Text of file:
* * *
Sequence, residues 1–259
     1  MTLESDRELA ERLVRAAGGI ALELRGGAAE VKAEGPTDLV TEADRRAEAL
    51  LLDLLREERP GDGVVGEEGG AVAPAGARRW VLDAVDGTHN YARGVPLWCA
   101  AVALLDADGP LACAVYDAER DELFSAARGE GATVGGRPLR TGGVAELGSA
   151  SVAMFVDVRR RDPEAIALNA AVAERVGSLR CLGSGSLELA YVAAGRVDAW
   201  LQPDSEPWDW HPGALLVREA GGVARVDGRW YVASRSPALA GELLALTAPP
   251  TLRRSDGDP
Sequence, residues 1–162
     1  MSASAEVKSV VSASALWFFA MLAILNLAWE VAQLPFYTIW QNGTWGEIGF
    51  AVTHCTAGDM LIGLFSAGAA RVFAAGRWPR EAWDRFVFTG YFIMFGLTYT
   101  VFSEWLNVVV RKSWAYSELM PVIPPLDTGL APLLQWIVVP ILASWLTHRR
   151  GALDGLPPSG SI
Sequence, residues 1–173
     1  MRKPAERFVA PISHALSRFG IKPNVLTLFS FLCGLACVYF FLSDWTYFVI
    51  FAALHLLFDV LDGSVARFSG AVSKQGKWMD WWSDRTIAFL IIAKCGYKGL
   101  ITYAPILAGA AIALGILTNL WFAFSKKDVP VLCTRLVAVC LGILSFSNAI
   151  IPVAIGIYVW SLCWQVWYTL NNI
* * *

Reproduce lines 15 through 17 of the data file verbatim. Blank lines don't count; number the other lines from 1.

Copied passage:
    51  FAALHLLFDV LDGSVARFSG AVSKQGKWMD WWSDRTIAFL IIAKCGYKGL
   101  ITYAPILAGA AIALGILTNL WFAFSKKDVP VLCTRLVAVC LGILSFSNAI
   151  IPVAIGIYVW SLCWQVWYTL NNI